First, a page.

Some days, the work never stops coming, and you can barely keep your head above water. You find yourself looking at your watch and saying, “Is it really 6 p.m. already?” Other days, you’ve got nothing on the proverbial plate, and the minutes drag and drag. What should you do on these slow days? According to Jayson Demers of Inc.com, these days are blessings in disguise — opportunities to tackle projects you don’t usually have time for. Demers shares some terrific productivity tips in a recent Daily Muse post — read on to see how he suggests turning boredom to momentum.
1. Get Organized — Organization comes in many forms. Demer suggests you begin with the physical task of tidying up your workspace and filing old paperwork. You’ll work much better in an uncluttered environment. Next, set new priorities for upcoming tasks. One way to do this, Demer says, is to break things up into three categories: A-, B-, and C-level priorities. These are things that can/must be handled in the next day, the next week, and pretty much whenever you get around to them, respectively. Finally, you should catch up on some of the pesky background tasks you’ve been avoiding. “These are easy to procrastinate doing, especially in the face of much more important duties, but when you’re facing a slow day, you finally have a chance to catch up,” Demer writes.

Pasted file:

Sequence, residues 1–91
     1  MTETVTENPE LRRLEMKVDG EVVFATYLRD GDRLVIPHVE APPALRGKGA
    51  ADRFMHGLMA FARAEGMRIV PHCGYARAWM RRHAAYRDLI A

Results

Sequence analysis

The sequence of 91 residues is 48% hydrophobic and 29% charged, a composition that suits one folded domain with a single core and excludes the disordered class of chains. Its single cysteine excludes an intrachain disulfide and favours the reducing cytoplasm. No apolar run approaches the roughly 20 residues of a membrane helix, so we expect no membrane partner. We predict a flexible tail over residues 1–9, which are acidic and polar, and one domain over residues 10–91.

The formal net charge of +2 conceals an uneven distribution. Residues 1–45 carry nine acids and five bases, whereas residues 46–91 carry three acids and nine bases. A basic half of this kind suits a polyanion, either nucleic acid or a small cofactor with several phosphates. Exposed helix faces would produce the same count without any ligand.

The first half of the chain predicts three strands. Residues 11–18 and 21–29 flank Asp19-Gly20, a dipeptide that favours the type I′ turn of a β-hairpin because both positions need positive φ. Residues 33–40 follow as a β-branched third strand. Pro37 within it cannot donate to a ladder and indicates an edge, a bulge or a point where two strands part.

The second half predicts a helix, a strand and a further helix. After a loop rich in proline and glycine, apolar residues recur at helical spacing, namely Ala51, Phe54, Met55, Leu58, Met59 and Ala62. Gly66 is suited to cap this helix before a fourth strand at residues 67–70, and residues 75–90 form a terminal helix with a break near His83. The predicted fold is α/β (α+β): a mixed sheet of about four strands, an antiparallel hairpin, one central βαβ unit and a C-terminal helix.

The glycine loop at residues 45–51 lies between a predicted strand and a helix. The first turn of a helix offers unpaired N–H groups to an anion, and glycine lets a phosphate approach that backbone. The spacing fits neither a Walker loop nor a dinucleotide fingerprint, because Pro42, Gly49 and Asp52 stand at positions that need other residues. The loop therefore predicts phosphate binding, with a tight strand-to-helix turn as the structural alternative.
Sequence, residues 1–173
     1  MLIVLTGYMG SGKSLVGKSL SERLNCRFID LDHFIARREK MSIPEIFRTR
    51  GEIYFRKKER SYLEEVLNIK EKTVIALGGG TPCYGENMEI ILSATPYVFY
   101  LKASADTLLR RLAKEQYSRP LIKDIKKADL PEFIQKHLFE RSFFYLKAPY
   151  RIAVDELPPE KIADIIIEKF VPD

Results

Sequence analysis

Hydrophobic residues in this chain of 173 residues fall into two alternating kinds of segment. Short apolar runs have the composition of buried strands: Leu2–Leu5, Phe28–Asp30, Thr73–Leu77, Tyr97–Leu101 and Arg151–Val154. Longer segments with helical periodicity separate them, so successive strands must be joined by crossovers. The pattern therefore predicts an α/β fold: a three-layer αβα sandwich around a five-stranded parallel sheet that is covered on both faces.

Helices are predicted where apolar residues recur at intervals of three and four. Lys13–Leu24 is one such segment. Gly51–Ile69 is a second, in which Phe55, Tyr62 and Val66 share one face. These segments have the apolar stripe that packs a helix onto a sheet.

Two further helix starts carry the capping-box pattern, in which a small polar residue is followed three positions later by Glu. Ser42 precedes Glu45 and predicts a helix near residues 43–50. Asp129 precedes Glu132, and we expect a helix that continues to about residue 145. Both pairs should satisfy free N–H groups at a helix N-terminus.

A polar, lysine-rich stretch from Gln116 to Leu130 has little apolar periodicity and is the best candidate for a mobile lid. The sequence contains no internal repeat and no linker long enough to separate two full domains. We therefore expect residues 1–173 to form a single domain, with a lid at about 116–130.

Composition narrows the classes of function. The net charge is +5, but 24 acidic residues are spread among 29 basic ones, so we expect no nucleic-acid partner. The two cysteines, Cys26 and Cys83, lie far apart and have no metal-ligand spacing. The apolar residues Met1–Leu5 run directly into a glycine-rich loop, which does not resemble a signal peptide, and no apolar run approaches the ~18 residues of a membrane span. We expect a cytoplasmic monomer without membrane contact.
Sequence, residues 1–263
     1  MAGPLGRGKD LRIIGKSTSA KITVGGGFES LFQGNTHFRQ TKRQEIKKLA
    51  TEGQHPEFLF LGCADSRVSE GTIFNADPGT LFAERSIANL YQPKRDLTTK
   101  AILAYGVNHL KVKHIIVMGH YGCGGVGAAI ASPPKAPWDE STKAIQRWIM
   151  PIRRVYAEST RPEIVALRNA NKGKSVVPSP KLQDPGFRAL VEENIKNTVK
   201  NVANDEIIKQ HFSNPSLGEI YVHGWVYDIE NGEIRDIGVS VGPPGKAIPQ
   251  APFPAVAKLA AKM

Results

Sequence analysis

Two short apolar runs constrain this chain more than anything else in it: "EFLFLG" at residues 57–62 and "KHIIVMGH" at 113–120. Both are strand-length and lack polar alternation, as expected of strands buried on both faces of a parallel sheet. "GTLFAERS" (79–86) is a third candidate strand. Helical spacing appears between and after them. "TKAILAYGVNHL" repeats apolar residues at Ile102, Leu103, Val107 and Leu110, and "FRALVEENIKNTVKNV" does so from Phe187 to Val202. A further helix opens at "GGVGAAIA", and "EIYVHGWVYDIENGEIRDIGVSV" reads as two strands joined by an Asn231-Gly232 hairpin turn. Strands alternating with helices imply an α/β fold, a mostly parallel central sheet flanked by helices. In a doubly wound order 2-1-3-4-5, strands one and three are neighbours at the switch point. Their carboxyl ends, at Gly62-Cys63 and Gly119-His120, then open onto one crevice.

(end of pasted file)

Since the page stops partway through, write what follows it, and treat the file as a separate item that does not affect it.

2. Create New Things — Again, Demer offers several suggestions. First off, even if you don’t consider yourself a writer, you can create content for your company by putting together a blog post based on your expertise. “Make it fun by writing about your experiences in your own personal voice,” Demer advises. You might also try your hand at writing a new, more efficient workflow for some company procedure. There are undoubtedly problems in your office that could use fixing, and for once, you’ve got the time to tackle them. Lastly, you might draw up some internal documentation, such as a Standard Operating Procedure detailing your daily responsibilities or a long-term strategy plan for your department. When you pull that out at the next meeting, you’ll remind the higher-ups why you’re such a valuable employee.
3. Keep on Learning — Nowadays, thanks to webinars and online course, it’s easier than ever to pick up new skills. Not feeling quite that ambitious? Simply get up from your desk and visit another department. “You might be able to help out with some peripheral tasks, or you might be able to adapt your workflow to better accommodate their needs,” Demer writes.